Survey: Speechwriters Seek to Turn Serendipity to Security

Having “stumbled into” influential roles and a relatively lucrative career, members of the new Professional Speechwriters Association seek a safer, more strategic path, says the results of a membership survey.

And what do the speechwriters say? Contrary to many other communications professions, they love their pay. But like many others in the creative class, they like the idea of their work better than the reality. And they’re unsettled about the future—a big reason they’re banding together to increase their job security and satisfaction.

“I’ve been around speechwriters for more than two decades,” said PSA executive director David Murray. “These are consistently the most erudite, intense, joyful—and frustrated—people in the communication profession. Now that they have a platform to organize, I think they’ll realize their potential as powerful actors in their organizations and in society.”

PSA logoMurray, the editor of the 81-year-old magazine Vital Speeches of the Day, formally launched the PSA a year ago with the organization’s first annual World Conference last May at New York University. That conference—like the new association that convened it—was the first created solely for people who do leadership communication for a living, and it drew practitioners from around the world.

As a follow-up to the ground-breaking conference, the PSA joined with founding partner Gotham Ghostwriters to sponsor the first national survey of speechwriting pros, to get a better understanding of who they are and what they think about their work.

Here’s a summary of the key findings from this timely survey:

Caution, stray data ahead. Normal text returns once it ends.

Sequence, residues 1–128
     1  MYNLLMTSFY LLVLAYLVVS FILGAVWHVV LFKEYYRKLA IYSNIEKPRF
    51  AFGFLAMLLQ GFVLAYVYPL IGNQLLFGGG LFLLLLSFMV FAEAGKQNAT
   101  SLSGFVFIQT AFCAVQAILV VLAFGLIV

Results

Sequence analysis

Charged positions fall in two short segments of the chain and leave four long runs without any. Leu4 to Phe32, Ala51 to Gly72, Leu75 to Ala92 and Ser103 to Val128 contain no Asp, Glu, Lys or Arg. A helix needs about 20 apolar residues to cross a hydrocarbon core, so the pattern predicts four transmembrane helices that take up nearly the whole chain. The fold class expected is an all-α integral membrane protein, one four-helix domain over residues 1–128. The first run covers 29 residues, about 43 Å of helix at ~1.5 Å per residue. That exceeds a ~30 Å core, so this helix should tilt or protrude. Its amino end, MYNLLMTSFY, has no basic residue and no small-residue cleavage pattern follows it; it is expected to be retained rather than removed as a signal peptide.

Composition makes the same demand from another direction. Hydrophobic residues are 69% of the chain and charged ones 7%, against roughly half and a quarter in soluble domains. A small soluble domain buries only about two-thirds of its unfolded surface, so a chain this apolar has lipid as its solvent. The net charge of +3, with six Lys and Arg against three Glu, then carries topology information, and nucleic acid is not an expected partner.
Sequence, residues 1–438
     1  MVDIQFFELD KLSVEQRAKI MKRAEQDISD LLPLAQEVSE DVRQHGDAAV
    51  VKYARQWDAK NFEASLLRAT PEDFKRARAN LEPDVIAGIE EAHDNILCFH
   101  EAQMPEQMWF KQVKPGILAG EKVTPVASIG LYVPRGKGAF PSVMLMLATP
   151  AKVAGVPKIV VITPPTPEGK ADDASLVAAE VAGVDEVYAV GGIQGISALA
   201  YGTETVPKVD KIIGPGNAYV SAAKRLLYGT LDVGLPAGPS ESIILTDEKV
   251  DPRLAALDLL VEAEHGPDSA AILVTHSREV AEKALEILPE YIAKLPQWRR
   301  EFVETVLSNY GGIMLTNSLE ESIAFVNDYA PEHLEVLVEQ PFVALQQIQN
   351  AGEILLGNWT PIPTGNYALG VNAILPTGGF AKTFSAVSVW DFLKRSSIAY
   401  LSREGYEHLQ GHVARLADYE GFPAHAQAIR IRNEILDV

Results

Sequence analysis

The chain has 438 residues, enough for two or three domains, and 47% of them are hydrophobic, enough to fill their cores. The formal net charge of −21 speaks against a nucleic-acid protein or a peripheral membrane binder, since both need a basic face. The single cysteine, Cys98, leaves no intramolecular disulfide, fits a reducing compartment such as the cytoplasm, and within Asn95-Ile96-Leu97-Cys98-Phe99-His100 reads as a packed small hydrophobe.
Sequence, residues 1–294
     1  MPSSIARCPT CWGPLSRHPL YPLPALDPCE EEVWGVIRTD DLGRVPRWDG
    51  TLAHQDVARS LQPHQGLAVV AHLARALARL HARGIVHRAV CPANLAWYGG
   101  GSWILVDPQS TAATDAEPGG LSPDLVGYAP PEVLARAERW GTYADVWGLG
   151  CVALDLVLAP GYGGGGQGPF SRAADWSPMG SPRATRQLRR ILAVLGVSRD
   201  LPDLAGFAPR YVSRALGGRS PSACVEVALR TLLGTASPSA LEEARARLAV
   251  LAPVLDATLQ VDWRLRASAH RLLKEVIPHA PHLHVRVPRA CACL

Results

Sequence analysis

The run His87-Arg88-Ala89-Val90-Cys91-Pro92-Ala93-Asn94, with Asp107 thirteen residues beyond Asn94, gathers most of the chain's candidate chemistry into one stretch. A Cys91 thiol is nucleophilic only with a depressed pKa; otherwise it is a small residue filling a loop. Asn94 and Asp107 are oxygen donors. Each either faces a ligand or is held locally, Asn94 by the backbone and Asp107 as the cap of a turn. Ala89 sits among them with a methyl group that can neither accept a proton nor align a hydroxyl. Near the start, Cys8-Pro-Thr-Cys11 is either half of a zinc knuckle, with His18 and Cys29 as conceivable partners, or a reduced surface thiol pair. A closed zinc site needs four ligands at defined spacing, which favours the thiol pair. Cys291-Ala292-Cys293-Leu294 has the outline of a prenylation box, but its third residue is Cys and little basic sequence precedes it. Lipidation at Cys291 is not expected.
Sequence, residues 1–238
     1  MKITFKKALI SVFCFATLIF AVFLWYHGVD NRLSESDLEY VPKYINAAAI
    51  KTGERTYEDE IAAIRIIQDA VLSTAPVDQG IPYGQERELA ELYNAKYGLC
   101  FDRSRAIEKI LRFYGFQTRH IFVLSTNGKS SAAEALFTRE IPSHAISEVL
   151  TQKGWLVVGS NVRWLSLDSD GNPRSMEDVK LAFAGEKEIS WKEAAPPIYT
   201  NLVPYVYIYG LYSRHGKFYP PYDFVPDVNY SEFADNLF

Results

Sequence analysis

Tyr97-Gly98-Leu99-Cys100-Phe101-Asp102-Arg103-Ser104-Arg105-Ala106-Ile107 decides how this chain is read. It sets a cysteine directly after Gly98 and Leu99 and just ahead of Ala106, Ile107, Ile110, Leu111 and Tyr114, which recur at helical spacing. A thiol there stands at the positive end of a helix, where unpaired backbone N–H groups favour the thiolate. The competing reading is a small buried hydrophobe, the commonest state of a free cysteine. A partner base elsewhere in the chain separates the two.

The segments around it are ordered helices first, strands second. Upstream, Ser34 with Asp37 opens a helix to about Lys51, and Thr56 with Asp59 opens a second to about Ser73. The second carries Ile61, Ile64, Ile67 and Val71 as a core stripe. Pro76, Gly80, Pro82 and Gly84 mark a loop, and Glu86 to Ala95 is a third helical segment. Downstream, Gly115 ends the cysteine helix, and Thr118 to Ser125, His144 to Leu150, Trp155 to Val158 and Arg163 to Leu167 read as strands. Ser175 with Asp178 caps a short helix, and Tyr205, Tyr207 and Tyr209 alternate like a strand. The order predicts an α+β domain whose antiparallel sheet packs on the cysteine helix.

• Speechwriters are older than their colleagues in public relations, more likely to be male, better educated—and better paid. The typical speechwriter is a 51-year-old man with a Masters degree. More than half of speechwriters surveyed make more than $100K, with $23% pulling in more than $150K (half of those making over $200K).
  • Speechwriters found their way into their work through serendipity. Some speechwriters claimed a method to their professional madness, one saying he joined the business “to fuse my love of writing with my love of policy/politics.” But in a more typical answer to the question, “Why did you become a speechwriter in the first place?” one PSA member wrote that he “stumbled into the job—CEO needed a speech.”
  • Speechwriters love their work. Asked what they like most about speechwriting, speechwriters said, “shaping public debates,” “finding and telling stories,” intellectual and creative challenge and reward,” “the variety of topics and amazing people that I get to work with,” and “the silent hours when I through writing try to understand and share something important.”
  • And speechwriters hate their work. What do speechwriters like least about the job? Solitude, short deadlines, slow workflow, lawyers, leaders’ indifference. Speechwriters resent clients who “don’t care about content,” and bureaucrats who care too much. “I have to contend with constant micro-managing by people who see risk lurking in every corner and are afraid of letting the CEO take any kind of position,” one speechwriter said. “They also have no feel for what constitutes good writing yet exert a huge influence over the process.”
  • Speechwriters fear for the future. Speechwriters face new challenges, like the increasing use of Q&As and other informal presentation techniques to replace formal speeches. And they face timeless ones, like quantifying the strategic value of their work, and “the everlasting suspicion of rhetoric.”
  • And speechwriters envision a brighter future. Now that they’re getting organized for the first time in a global association, they face these challenges together, with a chance to exchange best practices and lend one another a helping hand. And that’s what they want from the Professional Speechwriters Association: Not another rigid structure in their lives, nor an elaborate guild or union, but straight-up professional development, and an expanded network through online networking platforms and “structured networking” at the PSA World Conference.

No Comments so far
Leave a comment



Leave a comment
Line and paragraph breaks automatic, e-mail address never displayed, HTML allowed: <a href="" title=""> <abbr title=""> <acronym title=""> <b> <blockquote cite=""> <cite> <code> <del datetime=""> <em> <i> <q cite=""> <s> <strike> <strong>

(required)

(required)



7 × = fifty six